Thoughts on TOFU

Felix Queißner felix at masterq32.de
Fri Jun 12 23:41:44 BST 2020


Hey List!

While planning out the implementation of TOFU for Kristall, i noticed
something weird:

Quoting the spec:
----------------------------------------------------------------------
TOFU stands for "Trust On First Use" and is public-key security model
similar to that used by OpenSSH.  The first time a Gemini client
connects to a server, it accepts whatever certificate it is presented.
That certificate's fingerprint and expiry date are saved in a persistent
database (like the .known_hosts file for SSH), associated with the
server's hostname.  On all subsequent connections to that hostname, the
received certificate's fingerprint is computed and compared to the one
in the database.  If the certificate is not the one previously received,
but the previous certificate's expiry date has not passed, the user is
shown a warning, analogous to the one web browser users are shown when
receiving a certificate without a signature chain leading to a trusted CA.
----------------------------------------------------------------------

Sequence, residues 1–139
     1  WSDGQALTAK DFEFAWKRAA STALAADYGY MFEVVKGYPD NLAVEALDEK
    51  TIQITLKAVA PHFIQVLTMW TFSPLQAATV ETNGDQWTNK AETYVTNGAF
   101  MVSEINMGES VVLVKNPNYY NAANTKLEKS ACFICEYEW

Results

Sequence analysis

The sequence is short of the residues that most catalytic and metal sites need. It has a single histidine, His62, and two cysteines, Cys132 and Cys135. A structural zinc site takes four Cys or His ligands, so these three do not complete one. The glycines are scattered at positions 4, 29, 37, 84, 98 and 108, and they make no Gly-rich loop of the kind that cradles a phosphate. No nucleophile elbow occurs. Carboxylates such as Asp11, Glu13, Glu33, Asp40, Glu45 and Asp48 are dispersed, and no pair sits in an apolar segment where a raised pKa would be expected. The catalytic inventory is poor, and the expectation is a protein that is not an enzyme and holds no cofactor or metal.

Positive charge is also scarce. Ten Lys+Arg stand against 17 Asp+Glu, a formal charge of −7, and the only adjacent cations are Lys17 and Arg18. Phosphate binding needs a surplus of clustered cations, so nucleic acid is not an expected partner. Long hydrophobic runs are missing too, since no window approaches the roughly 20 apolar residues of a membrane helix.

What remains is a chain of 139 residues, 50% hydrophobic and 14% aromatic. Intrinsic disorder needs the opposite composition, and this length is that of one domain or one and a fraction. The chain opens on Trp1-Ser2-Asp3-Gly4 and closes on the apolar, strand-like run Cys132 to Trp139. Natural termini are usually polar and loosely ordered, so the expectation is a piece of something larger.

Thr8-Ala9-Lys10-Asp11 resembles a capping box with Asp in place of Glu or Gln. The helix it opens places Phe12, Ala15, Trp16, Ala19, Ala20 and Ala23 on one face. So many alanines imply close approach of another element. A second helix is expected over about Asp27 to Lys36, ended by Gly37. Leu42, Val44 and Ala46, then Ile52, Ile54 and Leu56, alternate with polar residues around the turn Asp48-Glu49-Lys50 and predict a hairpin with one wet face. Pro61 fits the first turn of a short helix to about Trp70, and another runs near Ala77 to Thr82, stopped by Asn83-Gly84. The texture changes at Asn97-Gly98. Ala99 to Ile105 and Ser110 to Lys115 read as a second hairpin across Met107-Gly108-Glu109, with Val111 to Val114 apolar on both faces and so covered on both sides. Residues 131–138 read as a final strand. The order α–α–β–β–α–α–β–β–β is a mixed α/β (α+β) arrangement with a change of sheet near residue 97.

This means that trust in a server is lost as soon as a certificate is
expired and a subsequent renewal of the certificate with the same
private key is the same as visiting the host for the first time. But
when i refresh my server certificate before it expires (which is
recommended), we will have the situation that the client will not trust
the server anymore (same situation as when an attacker is doing a MITM
attack) which i think is not a good situation.

My proposal for both server certificates is the following:
An endpoint stores the public key of the servers certificate as well as
the host name. As long as this host continues to use the same identity
(pub+privkey), it will be trusted. Certificates that aren't refreshed
will error to the client, having another pubkey presented will error
"harder" (as in: this is a possible MITM attack)

The same behaviour could be used for client certificates as well,
allowing the renewal of client certificates with the same private key
(which would solve the "how do i have persistent identities")

What do you guys think?

Regards
- xq


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